Recent data leaks have everyone spooked, especially celebrities. There’s so much worry that I had a brief exchange with Dallas Mavericks owner Mark Cuban last night on Twitter. Cuban, it turns out, tells me he did a bit of self “penetration test” (or pentesting as its also known) on his own account, something that everyone should do periodically, as this helps identify weaknesses in the system and assists on improving the security of a computer.
Cuban took to Twitter late Monday and offer a bullet list of advice to “celeb/high-profile friends.”
“NEVER put your real birthday in your Apple ID setup.Anyone with yr bday has path to hack u,” it began. Followed by:
2) if it’s remotely possible the answer to your security question is online pick a different question or avoid using that feature
3)on apple if I have your birthday, email and I search and find the answer to your security question. I own your account. Scary
dang, If you have a wikipedia entry or your birthday and other information is online, this includes YOU
4) as much of a pain as it is, 2 factor authentication is becoming a necessity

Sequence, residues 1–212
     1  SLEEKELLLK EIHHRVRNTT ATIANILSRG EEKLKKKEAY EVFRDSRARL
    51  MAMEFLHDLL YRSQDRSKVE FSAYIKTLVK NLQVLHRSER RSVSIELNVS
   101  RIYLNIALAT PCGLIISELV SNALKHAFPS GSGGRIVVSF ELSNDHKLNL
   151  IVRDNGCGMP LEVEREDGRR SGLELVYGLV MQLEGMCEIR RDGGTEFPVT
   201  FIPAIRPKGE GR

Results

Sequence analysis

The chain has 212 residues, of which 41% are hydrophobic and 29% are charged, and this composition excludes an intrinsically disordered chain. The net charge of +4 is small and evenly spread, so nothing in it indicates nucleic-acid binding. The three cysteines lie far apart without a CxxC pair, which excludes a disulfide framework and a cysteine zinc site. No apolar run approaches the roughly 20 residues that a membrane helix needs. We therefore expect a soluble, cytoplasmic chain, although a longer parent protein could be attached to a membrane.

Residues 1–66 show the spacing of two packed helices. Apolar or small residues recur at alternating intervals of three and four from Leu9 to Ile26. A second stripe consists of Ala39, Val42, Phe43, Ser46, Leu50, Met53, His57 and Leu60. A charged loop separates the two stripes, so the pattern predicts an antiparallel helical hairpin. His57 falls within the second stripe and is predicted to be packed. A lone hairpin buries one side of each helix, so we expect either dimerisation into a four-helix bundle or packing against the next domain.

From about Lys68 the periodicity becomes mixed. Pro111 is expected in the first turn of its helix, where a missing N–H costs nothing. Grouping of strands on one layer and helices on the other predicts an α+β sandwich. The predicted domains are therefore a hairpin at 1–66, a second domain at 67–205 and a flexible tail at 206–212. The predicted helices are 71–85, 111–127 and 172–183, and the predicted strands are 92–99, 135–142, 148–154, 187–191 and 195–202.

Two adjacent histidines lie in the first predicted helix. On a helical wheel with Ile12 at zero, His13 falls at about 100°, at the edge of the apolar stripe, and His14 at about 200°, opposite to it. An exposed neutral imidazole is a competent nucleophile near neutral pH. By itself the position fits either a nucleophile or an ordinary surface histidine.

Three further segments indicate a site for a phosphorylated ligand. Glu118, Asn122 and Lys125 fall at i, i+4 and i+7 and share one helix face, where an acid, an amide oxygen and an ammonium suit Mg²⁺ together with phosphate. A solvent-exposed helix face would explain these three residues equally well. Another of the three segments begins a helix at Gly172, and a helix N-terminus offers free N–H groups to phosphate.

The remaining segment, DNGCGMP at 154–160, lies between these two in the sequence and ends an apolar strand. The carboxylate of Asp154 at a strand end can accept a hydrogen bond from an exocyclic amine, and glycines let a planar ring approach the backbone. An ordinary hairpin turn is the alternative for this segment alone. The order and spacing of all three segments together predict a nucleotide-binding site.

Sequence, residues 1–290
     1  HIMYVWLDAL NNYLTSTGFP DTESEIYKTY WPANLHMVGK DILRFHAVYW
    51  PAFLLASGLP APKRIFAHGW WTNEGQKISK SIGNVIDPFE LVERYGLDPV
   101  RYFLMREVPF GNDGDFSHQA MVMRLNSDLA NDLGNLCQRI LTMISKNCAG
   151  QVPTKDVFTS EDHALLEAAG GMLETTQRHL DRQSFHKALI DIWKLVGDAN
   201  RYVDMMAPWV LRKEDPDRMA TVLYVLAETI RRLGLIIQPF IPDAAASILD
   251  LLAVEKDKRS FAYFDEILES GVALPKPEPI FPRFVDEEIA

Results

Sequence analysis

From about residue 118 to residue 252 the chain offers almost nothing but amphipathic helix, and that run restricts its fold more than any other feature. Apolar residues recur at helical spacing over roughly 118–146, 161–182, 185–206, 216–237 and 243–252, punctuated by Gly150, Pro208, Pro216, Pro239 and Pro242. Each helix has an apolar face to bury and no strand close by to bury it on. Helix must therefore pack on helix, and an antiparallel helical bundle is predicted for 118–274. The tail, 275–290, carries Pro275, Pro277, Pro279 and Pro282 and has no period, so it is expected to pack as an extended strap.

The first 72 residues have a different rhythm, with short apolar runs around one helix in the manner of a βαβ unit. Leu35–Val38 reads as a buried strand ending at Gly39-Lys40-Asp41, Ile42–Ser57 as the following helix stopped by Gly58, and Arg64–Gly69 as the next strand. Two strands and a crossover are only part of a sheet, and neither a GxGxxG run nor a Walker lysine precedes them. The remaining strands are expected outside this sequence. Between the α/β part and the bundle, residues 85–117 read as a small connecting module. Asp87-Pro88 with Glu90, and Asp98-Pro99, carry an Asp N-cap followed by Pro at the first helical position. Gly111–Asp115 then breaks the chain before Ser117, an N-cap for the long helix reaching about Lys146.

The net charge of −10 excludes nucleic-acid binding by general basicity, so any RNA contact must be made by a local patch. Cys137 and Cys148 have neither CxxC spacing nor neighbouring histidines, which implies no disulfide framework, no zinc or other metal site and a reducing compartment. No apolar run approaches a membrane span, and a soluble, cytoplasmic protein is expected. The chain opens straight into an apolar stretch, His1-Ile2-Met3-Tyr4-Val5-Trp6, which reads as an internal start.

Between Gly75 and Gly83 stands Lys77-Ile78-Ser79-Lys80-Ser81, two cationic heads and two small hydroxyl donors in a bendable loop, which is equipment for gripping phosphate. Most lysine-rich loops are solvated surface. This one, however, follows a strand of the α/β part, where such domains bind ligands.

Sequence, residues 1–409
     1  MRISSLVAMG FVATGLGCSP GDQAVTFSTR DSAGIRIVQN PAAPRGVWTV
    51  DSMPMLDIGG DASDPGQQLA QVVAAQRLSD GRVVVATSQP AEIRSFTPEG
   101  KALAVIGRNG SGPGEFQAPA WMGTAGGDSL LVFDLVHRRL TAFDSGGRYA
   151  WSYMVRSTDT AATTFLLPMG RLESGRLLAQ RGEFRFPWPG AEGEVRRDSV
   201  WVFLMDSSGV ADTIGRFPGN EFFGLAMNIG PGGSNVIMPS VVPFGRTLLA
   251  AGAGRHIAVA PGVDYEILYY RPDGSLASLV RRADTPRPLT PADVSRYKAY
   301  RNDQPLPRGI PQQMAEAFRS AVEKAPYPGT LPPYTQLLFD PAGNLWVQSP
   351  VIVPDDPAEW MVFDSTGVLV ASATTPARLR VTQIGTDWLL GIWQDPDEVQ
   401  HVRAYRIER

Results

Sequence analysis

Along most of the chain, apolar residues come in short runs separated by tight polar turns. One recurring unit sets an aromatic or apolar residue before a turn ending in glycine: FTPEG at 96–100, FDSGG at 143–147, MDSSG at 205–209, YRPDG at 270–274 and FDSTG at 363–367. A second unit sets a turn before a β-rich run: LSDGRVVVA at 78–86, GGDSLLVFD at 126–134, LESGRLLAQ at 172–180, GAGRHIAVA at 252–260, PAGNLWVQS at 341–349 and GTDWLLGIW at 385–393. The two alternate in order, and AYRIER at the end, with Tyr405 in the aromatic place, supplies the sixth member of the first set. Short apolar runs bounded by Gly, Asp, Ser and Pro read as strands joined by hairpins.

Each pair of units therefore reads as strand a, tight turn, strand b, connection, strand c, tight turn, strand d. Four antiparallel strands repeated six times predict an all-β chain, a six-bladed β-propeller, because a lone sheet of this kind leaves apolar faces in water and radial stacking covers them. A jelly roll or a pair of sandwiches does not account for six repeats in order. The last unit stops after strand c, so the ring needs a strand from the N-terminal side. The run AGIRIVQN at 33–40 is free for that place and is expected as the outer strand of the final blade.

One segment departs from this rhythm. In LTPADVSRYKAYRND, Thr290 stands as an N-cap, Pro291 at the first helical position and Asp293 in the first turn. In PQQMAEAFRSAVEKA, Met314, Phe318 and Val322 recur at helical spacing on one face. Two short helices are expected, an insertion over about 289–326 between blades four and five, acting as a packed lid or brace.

I asked Cuban the obvious question: Why the sudden interest in Apple ID? “Did something happen to you, Mark?” He said no.
“nope. was checking out how easy my account would be to hack. Ended up changing everything.”
That’s smart. Unless you’ve been on another planet for the past few weeks, you know hackers have ways to attack cloud-based storage like Apple’s iCloud — well, hackers have ways to attack anything. It didn’t start with celeb photos, of course. You might remember this Wired reporter’s awful saga a few years ago.
You can follow all the advice columns you like, but circumstances and tactics change constantly. So the best thing to do is think like a hacker once in a while. Pretend to be an angry ex-lover, or a debt collector, or a jealous co-worker, and see what you could get into if you tried. Use someone else’s computer to really simulate an attack. Companies do this all the time: it’s called “pen testing,” short for penetration testing services uk. And it’s really the best way to make sure a hacker doesn’t embarrass you, or worse.
So kudos to Mark for calling attention to the technique. It’s not just for celebs. It’s for anyone who might have something in the cell phone or on their social media pages that you might not want everyone else to see. And that’s all of us.
As for iCloud specific advice, here’s a bullet list. And here’s a nice set of instructions for using two-factor authentication on all the major consumer cloud providers. But know that setting up two-factor is a good idea, but it’s not a cure-all.